Chapter 19: My Good Luck
The author discusses the beginning of her adulthood, in which she volunteers (and does recognize that as a luxury that not everyone can indulge) at a place recommended by a friend of her parents, and then gets handed her first real paying job – walking in the door as a member of management.
The Study Question
Have you ever benefited from family connections and/or family funds to further your career? Get into a school? Attain housing? From which racial group were those family connections?
One year, when wildfires were rampaging across New Mexico and causing health issues for me, my husband suggested I go back to Seattle and visit my sister for a week. That week happened to be the week a job was advertised in the newspaper. I applied for it, and got it – it was the reason I moved home from the desert to the Pacific Northwest. If it hadn’t been for my sister’s subscription to that local paper…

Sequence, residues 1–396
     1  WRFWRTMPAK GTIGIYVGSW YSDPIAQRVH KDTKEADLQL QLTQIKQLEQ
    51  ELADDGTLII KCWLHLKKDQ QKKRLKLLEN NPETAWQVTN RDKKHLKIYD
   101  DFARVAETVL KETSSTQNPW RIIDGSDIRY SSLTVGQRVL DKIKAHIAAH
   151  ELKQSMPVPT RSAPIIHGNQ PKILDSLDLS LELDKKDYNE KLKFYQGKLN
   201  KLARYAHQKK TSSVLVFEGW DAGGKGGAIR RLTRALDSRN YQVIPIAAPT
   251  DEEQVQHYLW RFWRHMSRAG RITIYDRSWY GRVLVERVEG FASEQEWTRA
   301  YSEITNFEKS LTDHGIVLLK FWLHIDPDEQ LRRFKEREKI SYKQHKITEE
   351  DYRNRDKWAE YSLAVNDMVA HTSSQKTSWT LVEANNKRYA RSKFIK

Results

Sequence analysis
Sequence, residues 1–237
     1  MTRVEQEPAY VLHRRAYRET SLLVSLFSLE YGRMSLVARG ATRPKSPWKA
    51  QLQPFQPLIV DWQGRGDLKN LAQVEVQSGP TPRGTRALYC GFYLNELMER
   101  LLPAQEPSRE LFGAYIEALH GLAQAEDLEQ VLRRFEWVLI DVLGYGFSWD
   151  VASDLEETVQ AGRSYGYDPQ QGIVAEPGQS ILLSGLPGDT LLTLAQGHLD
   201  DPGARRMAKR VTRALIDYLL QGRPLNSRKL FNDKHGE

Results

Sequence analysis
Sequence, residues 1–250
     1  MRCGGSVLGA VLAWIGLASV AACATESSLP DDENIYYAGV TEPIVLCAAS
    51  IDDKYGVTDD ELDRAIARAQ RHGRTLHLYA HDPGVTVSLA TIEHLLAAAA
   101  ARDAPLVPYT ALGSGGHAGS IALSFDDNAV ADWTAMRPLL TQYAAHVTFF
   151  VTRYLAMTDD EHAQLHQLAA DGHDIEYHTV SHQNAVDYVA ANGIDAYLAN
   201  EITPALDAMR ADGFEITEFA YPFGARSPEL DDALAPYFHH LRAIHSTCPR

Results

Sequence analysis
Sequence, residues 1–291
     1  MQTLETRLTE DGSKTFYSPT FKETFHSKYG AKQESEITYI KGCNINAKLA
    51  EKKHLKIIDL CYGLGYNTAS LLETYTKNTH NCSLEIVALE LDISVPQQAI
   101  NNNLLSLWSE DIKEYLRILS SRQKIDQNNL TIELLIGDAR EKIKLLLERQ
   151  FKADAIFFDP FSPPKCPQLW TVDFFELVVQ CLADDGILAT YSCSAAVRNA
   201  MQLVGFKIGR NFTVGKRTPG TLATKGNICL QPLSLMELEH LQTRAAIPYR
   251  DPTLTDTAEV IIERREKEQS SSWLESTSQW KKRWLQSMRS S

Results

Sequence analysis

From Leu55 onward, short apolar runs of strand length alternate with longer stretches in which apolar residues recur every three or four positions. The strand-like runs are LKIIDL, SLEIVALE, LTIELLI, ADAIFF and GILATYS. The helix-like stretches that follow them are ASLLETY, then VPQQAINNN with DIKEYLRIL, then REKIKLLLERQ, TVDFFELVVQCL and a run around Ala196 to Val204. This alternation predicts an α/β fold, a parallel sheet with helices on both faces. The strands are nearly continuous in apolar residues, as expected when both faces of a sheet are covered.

I’m not being a smart aleck, really. By the time I was in high school, my dad was the last living member of his family. My mom’s mother came to visit us now and again over the years; other than that, i barely know her family. I can count on one hand the number of times I have made the trip to the east coast to see them. They have never come to the west coast to visit us. I don’t recall ever living in a single neighborhood or community for longer than a year til high school (that was two years each). The concept of “family connections” and “networks” was utterly foreign to me for more than half my life, and I am still learning the basics of how it works.
The fact that I was sitting in my sister’s living room, paging through her Sunday paper, is the closest I have ever come to having a family member influence my professional or fiscal life.